Himalayan Art Resources

Iconography: Peaceful Appearance

Eleven Figurative Forms

Subjects, Topics & Types:
- Peaceful Appearance Explanation (below)
- Non-iconic (narrative literature)
- Iconic (Tantric literature)
- Gender & Iconography
- Eleven Types of Deities
- Buddhist Iconography Main Page
- Bodhisattva & Bodhisattva Appearance
- Iconography Main Page
- Confusions
- Others...

- Peaceful Appearance
- Bodhisattva Appearance
- Deva/devi Appearance
- God(s) Appearance
- Heavenly Appearance
- Beautiful Appearance

Peaceful appearance is synonymous with both the terms 'God Appearance' (deva/devi) and 'Bodhisattva Appearance'. Peaceful Appearance is one of the Eleven Figurative forms in the Buddhist iconography of Himalayan Art. The definition is a peaceful god-like figure based on the deities of classical Indian literature and the classic Hindu pantheon.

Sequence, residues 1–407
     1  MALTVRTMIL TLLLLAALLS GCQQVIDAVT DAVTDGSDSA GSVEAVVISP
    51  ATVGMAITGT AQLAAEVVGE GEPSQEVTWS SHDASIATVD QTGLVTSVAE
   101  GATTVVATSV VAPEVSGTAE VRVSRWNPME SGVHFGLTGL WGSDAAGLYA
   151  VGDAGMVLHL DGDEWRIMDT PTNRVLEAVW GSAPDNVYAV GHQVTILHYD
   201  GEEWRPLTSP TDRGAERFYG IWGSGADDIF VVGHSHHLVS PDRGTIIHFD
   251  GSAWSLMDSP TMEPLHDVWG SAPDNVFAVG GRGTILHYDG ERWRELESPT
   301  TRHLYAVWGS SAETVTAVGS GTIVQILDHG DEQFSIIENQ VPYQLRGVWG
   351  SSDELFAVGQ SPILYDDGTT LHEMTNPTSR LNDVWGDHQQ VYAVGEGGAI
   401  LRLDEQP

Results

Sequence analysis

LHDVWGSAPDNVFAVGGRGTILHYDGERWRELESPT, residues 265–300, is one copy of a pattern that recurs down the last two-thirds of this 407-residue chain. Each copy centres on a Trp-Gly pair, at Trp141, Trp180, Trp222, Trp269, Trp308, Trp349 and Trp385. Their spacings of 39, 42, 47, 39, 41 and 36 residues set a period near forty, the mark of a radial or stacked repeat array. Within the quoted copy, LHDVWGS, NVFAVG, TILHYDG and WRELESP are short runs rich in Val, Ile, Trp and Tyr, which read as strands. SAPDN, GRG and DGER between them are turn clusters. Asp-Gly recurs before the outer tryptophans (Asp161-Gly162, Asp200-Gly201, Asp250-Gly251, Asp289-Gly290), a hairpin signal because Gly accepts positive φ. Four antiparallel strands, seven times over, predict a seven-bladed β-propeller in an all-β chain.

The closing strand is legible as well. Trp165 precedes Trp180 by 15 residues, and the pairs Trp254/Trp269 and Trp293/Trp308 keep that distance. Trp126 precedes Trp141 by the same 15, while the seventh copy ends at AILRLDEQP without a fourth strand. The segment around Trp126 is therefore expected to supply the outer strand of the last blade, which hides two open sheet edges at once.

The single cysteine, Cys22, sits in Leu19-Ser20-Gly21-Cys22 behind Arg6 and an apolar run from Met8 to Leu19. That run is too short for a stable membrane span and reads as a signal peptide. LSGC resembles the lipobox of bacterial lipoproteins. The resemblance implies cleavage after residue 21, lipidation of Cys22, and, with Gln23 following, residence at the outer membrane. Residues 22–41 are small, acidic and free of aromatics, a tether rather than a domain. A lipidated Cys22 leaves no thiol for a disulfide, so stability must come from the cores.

As described in the literature of the Buddhist Sutras and Tantras, male and female figures are portrayed as beautiful, wearing silks and jewels, playful and relaxed in posture and depicted in the bloom of youth, sixteen years of age. Gender is often difficult to distinguish. Examples of these subjects are Manjushri, Lokeshvara and Maitreya for the male and Tara and Sarasvati for the female. Peaceful Appearance is generally applied to all subjects that are peaceful, non-historical human, non-wrathful, and non-buddha-like in appearance.

Jeff Watt 9-2005 [updated 5-2017]